NEW YORK, May 24 (Reuters) - The U.S. bond market’s gauges on investors’ inflation expectations fell on Thursday as Treasury yields retreated from their multi-year peaks that were tied to worries about rising inflation and federal borrowing.
Renewed concerns about U.S.-China trade tension, together with jitters about Italy and Turkey, spurred safe-haven demand for lower-risk U.S. government debt this week, driving down their yields, analysts said.
At 9:07 a.m. (1307 GMT), the 10-year inflation breakeven rate, or the yield gap between 10-year Treasury Inflation Protected Securities (TIPS) and regular 10-year Treasury notes, was 2.14 percent, which was the lowest in more than five weeks. It was nearly 2 basis points lower than late on Wednesday.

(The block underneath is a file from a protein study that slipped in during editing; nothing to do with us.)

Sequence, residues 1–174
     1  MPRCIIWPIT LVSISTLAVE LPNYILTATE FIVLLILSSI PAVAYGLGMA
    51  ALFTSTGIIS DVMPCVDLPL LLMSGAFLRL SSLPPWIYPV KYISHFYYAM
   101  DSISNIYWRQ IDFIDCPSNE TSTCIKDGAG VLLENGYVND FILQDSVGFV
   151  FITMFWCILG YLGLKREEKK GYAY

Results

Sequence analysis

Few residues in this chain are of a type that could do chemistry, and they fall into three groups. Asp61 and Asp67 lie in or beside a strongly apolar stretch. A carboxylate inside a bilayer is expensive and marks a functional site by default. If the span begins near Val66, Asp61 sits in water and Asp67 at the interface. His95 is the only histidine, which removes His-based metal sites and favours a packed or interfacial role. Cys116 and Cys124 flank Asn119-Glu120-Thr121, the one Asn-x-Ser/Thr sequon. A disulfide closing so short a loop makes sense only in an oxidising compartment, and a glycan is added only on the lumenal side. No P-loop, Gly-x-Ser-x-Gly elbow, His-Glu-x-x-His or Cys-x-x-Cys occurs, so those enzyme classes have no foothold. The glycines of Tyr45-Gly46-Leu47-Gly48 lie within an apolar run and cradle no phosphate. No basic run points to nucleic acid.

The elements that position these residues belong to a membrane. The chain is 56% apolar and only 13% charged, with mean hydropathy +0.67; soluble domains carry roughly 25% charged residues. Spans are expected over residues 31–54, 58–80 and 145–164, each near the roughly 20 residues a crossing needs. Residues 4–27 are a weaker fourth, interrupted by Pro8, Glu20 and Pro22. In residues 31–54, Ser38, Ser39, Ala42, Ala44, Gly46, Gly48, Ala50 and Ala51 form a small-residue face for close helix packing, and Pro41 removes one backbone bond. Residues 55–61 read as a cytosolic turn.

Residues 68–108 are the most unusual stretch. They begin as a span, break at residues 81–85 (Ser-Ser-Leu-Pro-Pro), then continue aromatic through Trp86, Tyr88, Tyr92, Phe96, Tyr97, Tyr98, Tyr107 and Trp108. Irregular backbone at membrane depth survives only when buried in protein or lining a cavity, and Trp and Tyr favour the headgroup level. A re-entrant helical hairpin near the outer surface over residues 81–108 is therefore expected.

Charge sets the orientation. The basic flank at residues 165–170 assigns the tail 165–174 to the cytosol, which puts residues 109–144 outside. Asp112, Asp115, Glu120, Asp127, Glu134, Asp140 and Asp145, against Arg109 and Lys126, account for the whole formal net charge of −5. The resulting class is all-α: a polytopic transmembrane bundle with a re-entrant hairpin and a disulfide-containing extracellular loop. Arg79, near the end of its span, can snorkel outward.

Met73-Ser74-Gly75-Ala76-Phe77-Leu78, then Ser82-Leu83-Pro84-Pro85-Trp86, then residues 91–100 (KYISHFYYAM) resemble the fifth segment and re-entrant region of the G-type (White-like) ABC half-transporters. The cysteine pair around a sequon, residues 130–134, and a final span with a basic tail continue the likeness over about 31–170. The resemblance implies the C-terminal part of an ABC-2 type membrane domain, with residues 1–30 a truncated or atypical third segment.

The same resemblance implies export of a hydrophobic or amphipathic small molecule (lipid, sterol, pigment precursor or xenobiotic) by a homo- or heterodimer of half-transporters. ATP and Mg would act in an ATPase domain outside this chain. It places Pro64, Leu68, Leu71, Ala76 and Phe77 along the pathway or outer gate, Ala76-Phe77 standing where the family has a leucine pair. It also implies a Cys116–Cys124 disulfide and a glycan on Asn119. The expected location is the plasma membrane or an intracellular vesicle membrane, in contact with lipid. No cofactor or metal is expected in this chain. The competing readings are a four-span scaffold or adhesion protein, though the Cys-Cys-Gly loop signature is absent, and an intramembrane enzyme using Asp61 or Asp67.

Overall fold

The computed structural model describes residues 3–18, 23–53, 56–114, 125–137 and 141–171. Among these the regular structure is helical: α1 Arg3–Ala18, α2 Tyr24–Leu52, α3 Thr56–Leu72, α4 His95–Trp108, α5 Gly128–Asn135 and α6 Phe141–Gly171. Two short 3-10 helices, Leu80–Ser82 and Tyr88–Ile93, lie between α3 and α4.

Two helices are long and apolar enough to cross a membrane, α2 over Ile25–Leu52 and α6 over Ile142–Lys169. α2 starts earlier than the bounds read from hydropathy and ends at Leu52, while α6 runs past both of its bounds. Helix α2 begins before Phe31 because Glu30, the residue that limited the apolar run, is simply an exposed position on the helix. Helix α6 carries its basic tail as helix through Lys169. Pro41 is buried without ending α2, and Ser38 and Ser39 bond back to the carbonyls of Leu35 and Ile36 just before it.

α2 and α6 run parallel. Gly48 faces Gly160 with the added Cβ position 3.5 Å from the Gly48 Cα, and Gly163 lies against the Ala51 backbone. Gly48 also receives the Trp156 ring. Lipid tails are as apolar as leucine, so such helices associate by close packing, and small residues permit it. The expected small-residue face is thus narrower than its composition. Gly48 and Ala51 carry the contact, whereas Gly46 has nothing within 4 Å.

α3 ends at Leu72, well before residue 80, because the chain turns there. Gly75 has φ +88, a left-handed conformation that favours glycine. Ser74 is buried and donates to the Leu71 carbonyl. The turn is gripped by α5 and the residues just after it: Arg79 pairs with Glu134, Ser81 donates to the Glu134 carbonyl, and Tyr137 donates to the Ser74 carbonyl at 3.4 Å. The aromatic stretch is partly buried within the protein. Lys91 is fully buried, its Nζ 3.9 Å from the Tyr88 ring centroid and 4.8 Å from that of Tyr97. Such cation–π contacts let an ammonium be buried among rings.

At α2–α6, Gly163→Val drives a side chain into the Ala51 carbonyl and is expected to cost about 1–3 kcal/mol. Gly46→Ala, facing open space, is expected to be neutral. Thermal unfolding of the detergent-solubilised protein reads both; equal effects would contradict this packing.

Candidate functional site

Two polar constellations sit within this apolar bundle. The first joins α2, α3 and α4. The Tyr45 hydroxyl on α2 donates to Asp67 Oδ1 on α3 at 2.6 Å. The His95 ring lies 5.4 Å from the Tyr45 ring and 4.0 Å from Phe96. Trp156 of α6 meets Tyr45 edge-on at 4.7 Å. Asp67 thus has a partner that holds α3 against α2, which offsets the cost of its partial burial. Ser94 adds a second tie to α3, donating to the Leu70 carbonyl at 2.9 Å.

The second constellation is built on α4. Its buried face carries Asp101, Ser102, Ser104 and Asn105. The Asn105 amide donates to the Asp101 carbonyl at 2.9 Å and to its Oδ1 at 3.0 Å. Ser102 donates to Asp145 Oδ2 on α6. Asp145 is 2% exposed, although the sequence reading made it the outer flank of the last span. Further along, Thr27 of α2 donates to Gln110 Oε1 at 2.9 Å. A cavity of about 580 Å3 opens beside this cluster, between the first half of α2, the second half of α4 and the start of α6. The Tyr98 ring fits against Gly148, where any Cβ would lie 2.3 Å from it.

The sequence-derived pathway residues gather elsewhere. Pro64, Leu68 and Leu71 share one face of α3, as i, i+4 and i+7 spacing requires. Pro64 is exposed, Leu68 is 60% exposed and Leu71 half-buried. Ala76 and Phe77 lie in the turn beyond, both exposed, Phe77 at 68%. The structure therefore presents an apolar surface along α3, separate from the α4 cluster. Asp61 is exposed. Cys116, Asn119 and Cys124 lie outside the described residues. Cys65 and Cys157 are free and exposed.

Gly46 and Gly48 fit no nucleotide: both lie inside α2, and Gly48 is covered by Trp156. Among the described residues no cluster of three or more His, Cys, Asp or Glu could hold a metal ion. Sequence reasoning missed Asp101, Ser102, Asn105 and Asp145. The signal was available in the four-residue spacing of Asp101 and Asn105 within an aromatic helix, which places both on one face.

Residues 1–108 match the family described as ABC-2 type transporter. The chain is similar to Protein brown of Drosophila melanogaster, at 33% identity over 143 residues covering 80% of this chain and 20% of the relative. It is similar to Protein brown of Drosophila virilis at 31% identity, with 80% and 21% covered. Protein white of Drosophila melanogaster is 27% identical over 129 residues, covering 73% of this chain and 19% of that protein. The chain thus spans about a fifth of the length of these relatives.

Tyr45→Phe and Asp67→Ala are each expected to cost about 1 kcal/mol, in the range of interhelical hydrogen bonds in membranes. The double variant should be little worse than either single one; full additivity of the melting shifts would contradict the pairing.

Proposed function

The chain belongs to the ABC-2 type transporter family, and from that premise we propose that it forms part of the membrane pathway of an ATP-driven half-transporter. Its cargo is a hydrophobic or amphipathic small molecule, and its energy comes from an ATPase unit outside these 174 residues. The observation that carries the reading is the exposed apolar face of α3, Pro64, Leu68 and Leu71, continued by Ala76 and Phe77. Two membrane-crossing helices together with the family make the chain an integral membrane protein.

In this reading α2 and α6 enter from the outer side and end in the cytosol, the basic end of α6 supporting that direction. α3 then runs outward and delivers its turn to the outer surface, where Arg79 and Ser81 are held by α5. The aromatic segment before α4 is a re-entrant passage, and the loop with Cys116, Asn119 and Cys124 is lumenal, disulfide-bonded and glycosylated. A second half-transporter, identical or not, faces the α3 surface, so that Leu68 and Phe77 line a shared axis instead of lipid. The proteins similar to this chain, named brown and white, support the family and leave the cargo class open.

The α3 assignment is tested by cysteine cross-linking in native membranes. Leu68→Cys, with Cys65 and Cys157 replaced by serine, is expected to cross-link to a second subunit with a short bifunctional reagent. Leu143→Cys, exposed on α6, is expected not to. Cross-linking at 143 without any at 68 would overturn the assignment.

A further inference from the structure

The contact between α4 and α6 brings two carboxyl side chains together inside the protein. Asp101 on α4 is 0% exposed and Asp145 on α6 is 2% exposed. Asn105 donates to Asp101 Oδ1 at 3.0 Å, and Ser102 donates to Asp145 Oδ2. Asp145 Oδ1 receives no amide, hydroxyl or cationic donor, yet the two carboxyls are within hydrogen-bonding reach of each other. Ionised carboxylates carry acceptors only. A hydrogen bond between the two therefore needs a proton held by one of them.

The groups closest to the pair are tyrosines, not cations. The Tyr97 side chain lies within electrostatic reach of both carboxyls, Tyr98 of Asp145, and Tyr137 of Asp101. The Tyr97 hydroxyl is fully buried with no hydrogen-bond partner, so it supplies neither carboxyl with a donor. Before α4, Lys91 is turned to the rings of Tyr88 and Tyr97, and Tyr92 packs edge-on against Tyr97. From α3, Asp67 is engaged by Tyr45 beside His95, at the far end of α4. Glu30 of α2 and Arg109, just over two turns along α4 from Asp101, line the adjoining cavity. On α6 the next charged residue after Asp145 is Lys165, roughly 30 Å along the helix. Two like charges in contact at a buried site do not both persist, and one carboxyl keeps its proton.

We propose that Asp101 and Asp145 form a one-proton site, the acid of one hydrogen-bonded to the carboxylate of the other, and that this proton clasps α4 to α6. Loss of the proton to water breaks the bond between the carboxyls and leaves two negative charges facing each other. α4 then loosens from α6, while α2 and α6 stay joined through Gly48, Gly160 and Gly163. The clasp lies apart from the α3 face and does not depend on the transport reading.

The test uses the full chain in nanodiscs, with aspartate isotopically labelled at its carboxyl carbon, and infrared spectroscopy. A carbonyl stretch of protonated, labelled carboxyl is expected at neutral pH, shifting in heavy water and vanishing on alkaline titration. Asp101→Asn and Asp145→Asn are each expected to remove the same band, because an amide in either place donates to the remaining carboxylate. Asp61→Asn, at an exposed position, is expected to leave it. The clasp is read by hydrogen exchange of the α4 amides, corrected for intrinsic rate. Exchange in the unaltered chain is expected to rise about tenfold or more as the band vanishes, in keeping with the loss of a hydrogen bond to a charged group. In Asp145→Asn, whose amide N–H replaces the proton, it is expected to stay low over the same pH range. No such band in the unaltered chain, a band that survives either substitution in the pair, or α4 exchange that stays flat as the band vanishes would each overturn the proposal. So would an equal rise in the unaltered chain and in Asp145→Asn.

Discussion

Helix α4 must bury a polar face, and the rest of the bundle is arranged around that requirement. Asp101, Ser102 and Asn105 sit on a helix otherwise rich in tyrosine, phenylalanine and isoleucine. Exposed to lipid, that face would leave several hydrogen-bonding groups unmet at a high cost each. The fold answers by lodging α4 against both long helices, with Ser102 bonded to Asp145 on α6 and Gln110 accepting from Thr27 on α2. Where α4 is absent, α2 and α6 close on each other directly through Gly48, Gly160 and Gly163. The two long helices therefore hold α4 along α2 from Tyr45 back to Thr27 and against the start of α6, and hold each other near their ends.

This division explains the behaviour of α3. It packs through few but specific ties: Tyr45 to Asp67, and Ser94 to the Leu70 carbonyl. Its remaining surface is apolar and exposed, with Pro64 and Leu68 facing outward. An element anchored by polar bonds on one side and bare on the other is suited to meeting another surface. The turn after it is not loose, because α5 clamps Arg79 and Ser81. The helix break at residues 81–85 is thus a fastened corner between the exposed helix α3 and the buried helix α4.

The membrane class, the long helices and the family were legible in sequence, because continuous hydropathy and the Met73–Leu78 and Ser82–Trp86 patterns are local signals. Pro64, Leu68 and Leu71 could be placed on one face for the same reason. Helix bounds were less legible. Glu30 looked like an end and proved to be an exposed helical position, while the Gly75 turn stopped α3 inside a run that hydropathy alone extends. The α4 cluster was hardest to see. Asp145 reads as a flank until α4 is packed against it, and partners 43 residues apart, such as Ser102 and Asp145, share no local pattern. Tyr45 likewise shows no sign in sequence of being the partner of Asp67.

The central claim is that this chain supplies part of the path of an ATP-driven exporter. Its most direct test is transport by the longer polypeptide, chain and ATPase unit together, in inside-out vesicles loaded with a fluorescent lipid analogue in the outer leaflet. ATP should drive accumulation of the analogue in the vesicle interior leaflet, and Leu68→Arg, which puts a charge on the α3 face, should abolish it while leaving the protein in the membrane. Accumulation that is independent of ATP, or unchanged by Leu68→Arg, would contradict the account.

A week ago, the 10-year TIPS breakeven rate hit 2.21 percent, which was the highest level since August 2014, Reuters and Tradeweb data showed.
Last Friday, the yield on benchmark 10-year Treasury notes rose to 2.128 percent, the highest since July 2011. (Reporting by Richard Leong Editing by Chizu Nomiyama)